He enjoys “working with all parts of the company to figure out the issues (e.g., content management, multiple deliveries, process/workflow, costs, etc.) and moving the department and company forward,” he says.
Sharing the Wisdom
Weinstein feels strongly that people entering publishing today should be prepared to utilize technology extensively. “Technology is a very broad term, and that could mean functioning really well in the world of spreadsheets and databases, the world of InDesign, or the world of XML workflow and simultaneous distribution of content,” he says. “One of the great things about publishing now is that you can get the knowledge or skills to go wherever you want to go [by utilizing technology].”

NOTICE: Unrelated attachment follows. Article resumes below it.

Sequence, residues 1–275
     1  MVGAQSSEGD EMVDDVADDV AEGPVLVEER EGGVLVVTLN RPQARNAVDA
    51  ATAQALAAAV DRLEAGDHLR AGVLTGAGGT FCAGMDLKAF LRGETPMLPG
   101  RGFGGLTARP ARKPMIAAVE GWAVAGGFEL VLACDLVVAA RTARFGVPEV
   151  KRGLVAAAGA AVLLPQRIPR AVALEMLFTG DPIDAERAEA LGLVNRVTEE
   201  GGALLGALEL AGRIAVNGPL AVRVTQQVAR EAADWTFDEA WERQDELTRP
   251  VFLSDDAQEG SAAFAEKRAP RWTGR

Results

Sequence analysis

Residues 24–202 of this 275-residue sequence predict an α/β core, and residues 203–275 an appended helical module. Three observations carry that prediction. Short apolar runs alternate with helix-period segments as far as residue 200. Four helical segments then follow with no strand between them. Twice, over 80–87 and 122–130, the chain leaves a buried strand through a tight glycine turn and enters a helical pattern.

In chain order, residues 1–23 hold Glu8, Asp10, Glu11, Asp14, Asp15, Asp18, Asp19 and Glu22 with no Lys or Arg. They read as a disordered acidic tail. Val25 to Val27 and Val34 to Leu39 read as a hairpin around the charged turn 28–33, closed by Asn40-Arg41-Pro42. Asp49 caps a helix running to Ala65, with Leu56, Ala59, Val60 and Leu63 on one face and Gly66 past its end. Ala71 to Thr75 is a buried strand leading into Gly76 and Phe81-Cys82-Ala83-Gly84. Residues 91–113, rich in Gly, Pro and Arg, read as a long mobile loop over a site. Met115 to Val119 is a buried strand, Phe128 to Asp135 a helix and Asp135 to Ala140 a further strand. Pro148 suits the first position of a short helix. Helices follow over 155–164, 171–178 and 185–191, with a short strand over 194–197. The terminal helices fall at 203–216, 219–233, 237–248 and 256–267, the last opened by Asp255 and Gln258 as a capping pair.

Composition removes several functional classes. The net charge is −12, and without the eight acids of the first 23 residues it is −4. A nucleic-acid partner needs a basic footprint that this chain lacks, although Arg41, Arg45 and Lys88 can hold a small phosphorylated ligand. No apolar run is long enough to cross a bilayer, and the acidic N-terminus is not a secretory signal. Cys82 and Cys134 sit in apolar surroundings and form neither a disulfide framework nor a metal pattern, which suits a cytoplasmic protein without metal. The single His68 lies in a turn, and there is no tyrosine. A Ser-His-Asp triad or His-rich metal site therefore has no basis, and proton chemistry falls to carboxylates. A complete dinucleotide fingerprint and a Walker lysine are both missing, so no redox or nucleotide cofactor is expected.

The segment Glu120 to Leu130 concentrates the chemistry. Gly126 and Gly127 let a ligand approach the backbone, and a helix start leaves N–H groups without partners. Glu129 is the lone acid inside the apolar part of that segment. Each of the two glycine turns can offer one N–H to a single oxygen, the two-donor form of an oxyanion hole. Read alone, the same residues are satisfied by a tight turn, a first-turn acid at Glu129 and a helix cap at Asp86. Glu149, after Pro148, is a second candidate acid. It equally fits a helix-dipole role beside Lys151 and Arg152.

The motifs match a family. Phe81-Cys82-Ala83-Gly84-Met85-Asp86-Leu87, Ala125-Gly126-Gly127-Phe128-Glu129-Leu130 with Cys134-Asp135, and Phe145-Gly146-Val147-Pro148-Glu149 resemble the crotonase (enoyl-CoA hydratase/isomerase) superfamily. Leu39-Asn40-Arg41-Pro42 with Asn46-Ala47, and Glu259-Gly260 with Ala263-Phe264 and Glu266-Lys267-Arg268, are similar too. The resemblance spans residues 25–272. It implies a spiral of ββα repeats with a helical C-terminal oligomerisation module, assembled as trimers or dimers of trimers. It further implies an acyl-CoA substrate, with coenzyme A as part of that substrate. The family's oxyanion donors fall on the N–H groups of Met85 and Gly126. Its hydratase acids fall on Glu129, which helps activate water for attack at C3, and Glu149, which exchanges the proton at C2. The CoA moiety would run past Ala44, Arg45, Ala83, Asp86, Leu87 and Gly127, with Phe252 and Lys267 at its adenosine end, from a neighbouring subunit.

Weinstein says that another staple you can expect from the industry is constant change. “The role of the publisher [in relation to] the author, how customers want to receive content, the time frame allowed to deliver that content, technologies used, workflows, custom and on-demand publishing—these items and many more have changed greatly, and will continue to change at great rates,” he says.
In fact, Weinstein says that technology’s impact and rate of change are the most significant catalysts he has seen during his career.
“I caught the tail end of hot-metal typesetting, and we’ve already zipped through compositors and desktop publishing, and gone on to self-publishing and simultaneous multiple-channel distribution,” he says. “The changes on the print side have been just as huge—going from film to PDFs that are preflighted online … to digital printing and plate-making machines … .”
Weinstein says that finding “even more” efficiencies in time and money is currently the greatest challenge he faces.
“Production directors are always being asked for more,” he says. “We need to serve the needs of our company without putting our vendors out of business. It means being more creative … ,” he says.